PEN America says proposed law would set ground rules for how Google, Facebook use news content; could potentially help local news outlets
A bill that would provide a temporary exemption to antitrust rules for news outlets represents a potentially positive step toward addressing the economic crisis affecting local news outlets throughout the country, PEN America announced this week, but cautioned that the effectiveness of the bill will hinge on whether small- and mid-sized news outlets are meaningfully represented in any resulting negotiations.
The Journalism Competition and Preservation Act of 2019 aims to provide news providers a two-year enxemption from federal antitrust laws in order to collectively negotiate with Google and Facebook over how the digital giants can use those outlets’ online content. Enjoying bi-partisan backing and supported by the newspaper trade group the News Media Alliance—which represents almost 2,000 news organizations—the bill is currently being considered in both the House and the Senate.
“Local news is in crisis, something that affects not only the media sector but that deeply impacts access to critical information for millions of Americans,” said Thomas O. Melia, PEN America’s Washington director. “It is heartening to see bipartisan support for legislation responding to this crisis, and the Journalism Competition and Preservation Act offers an important opportunity for news outlets to negotiate a more equitable arrangement with the tech giants.”
Since 2005, newspapers have lost more than $35 billion in ad revenue. More than 20 percent of the nation’s newspapers have shuttered within the last twenty years. Numerous journalists, media reform advocates, and analysts—including PEN America—have concluded that local news is in crisis. One of the key drivers of this crisis, PEN America argued in its November 2019 report “Losing the News,” is the fact that news outlets see little of the ad revenue for users who find or read their news articles through Facebook or Google.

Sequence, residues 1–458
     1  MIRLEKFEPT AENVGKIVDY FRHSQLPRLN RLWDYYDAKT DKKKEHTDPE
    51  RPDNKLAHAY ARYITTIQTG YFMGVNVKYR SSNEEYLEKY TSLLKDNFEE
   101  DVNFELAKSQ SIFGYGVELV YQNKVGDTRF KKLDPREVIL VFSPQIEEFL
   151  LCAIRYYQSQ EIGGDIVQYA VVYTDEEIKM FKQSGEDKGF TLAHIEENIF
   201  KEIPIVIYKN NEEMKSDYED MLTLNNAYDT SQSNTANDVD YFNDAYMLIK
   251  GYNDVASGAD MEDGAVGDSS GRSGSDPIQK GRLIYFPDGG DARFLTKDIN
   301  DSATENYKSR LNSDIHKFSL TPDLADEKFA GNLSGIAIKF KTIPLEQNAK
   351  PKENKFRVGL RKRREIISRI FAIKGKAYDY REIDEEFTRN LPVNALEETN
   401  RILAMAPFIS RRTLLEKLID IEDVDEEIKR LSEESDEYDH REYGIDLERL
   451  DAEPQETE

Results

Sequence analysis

“To address the crisis in a meaningful way, negotiations between tech companies and news publishers will have to include independent small and mid-sized outlets, as well as those that specifically serve those communities most affected by the decline of local news ecosystems: communities of color and low-income and rural communities,” said PEN America’s Melia.
“Ultimately, the success of this act will be determined by whether it helps ensure Americans continue to have access to original, local, quality news on critical issues in their lives. We welcome this effort to take a creative approach to the local news crisis and urge that hearings on this legislation be convened as soon as possible to refine the proposal.
“Finally, we note that this act represents only one step towards addressing the local news crisis. For such an urgent and serious problem, more—much more—will be needed. That is why PEN America continues to call for a Congressional commission on the local news crisis, to help craft the solutions that will ensure the future of local American journalism.”
This content is courtesy of PEN America and Wikipedia.
PEN America stands at the intersection of literature and human rights to protect open expression in the United States and worldwide. It champions the freedom to write, recognizing the power of the word to transform the world. Its mission is to unite writers and their allies to celebrate creative expression and defend the liberties that make it possible.
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